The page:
Monday, August 18, 2014

Egg Time

Our hens are laying and we couldn't be happier.  

The first small eggs from our hens.  

Dog Days of Summer

This summer has actually been surprisingly cool.  Today is hot though.  The chickens are panting and the dogs are layin' in the shade.

Our neighbor's dog visits Ida 
Ms. Mouser Annabelle hangs with the doggies
Our house has old school, thick guage aluminum siding that the white paint has almost completely chalked off of.  It looks like a dingy silver bullet.  We hope to paint it next year.   
Buckwheat in front, pumpkins with a bad case of powdery mildew.  I hope the plants make it long enough to ripen the pumpkins.
Buckwheat flowering.  This was a really quick covering crop, flowering within a month of planting.  

Saturday, August 2, 2014

Clucks, Corn, and Huacatay

August seems to be the time of year when I finally have a moment to step back and think "What is working and what is not on our little homestead?"  Some of my favorite things are all the flowers, how well the onions and winter squash are doing in the sheet mulched beds, and the chicken coop itself.  In need of improvement are the chicken area in general, the fact that our dog Ida squashes some plants here and there when she runs around because they are not protected, and getting our fall crops and fall deer preparations ready.  I have to give it to Ida though, she stays out of the garden beds no problem, its just the flowers on the perimeter that get a bit of a beating.  The goals for the chicken run: adding a chicken-sized door, making entering the run easier, creating a huglekulture area in the middle, creating 2 pasture areas that the birds alternate between every 2/3 weeks to save the grass, adding comfrey and other pasture crops to the area.

New Hampshire Red and White Rock at 20 weeks with open air coop behind.
Chicken area (coop is from plans from

My backyard hived swarm.  When I inspect I often use a pillowcase to cover the bees I am not working with and keep them chilled out.  

Jason shucking corn for the grill with Ida lurking in the background.  I can't wait to paint that brown cinderblock another color.  

Tagetes minuta/Peruvian Black Mint/Huacatay...antiviral medicinal herb in the marigold family.  A gift from friends and growing well!
Green Headed Coneflower with Visitor

Friday, July 25, 2014

Bee Chains, Forgotten Frame and Papalo...The Summer Cilantro

When I extracted honey, I forgot to put a frame back in one of the hives.  I had removed some undrawn frames of foundation to replace with a few combs I had when I removed the honey, and one frame just never got replaced.  A few days later when I discovered my mistake, I had to move the comb the bees had built in the void I had left onto a new frame.  They will have it fixed up in no time.  Also observed, my favorite...a bee chain, also called a festoon.  Bees link together and use their bodies to....actually no one knows for sure.  Measure space?  Help wax production some how? Another delightful bee mystery.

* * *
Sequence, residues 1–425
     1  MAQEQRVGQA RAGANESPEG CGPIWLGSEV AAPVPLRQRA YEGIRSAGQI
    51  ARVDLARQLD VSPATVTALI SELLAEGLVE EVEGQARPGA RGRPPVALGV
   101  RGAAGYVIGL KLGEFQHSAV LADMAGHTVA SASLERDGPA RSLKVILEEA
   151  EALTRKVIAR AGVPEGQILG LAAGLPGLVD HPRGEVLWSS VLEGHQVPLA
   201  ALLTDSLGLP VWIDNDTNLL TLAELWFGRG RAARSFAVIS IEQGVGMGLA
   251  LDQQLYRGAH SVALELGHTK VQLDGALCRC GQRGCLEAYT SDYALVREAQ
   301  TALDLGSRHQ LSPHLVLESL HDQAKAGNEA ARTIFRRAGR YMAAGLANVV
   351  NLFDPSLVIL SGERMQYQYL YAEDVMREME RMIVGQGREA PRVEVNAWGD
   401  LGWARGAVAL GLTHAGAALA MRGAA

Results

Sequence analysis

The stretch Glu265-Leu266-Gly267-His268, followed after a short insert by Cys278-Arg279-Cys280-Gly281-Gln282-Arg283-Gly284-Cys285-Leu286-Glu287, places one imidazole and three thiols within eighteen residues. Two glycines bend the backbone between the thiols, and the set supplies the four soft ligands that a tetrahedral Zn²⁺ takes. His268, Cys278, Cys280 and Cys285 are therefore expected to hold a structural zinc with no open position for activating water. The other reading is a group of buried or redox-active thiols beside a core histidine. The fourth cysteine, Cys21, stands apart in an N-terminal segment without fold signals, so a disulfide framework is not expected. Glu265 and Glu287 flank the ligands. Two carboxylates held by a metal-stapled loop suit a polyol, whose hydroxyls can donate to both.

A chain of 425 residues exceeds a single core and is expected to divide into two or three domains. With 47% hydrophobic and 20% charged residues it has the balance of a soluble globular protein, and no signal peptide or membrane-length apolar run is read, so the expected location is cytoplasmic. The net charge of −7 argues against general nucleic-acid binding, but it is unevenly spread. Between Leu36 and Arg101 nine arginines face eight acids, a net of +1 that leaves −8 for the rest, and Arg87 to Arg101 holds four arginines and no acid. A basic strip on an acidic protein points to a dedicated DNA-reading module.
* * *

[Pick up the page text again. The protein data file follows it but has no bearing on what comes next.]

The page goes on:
Chain of Bees
Oooops...forgot a frame.
Moving their handiwork

Also in full swing is a new plant we are growing at Garden Dreams this year called Papalo.  It is tall, hardy and delightful.  The flavor is a bit like citrus and cilantro and quite only need about 1/3 of the amount of cilantro you would use in a salsa for example.  It's great because cilantro is quick to bolt in the summer heat....when this Papalo just seems to keep on growin'. new fave.

So aromatic...oil glands on papalo leaf underside.

Wednesday, July 23, 2014

Summer Splendor

The gardens at our house are in full bloom.  Just a lovely sight to see.
Beds filled in...and Jason's studio painted yellow.

Tithonia in bloom
Ida the dog gives scale to the sunflowers
Flower bed by the house with plenty of sweet alyssum for beneficial wasps
Butterfly weed and anise hyssop
Echinacea purpurea and bronze fennel
Honey bees on anise hyssop
Mixed bed of calendula, dill, cilantro, and more with asparagus planting

Sunday, July 20, 2014

Polyface Farm Field Day

Yesterday I participated in a field day at Polyface Farms in Virginia.  The Salatins have become adept at marketing their version of sustainable meat production through books that Joel Salatin writes, speaking tours, and events on farm.  During yesterday's visit, the animals seemed content, living in a low-stress environment, doing what they liked to do, with access to light and fresh air.

The trick is, the Salatins raise animals in an ethical way and still turn a good profit, by using their land to "stack functions".  They also lease land to run animals on, they don't own all the land they use.  An example of stacking functions is running broiler chickens on the same land that cows just came through, since different bugs and parasites affect these species...the birds are able to glean protien from the cow patties and "clean up" after the cows.  

The weather was lovely and the rain held off til the end of the day.  All in all, great to see the things I have read about this farm in person.

Small apiary with electric netting for bears
The Raken House: Chickens stir the deep bedding under the rabbits to mix in the manure and keep it fresh until the young rabbits go out to pasture.
Rabbits on Pasture.  Daniel Salatin has bred a very hardy line of rabbits.
Burly Ass Trellis
Cornish Cross Broiler Shelters moving across pasture, cleaning up after the cows (eating parasites and bugs in the cow patties).  
Cornish Cross shelter with simple gravity watering system
Chick Brooder
Khaki Campbell Ducks under Paw Paw Trees.

Hoop House 30' x 120'
Kitchen Garden



Saturday, June 28, 2014

Sunflowers About To Pop

Mammoth sunflowers along fence
First year asparagus bed with herbs and calendula in between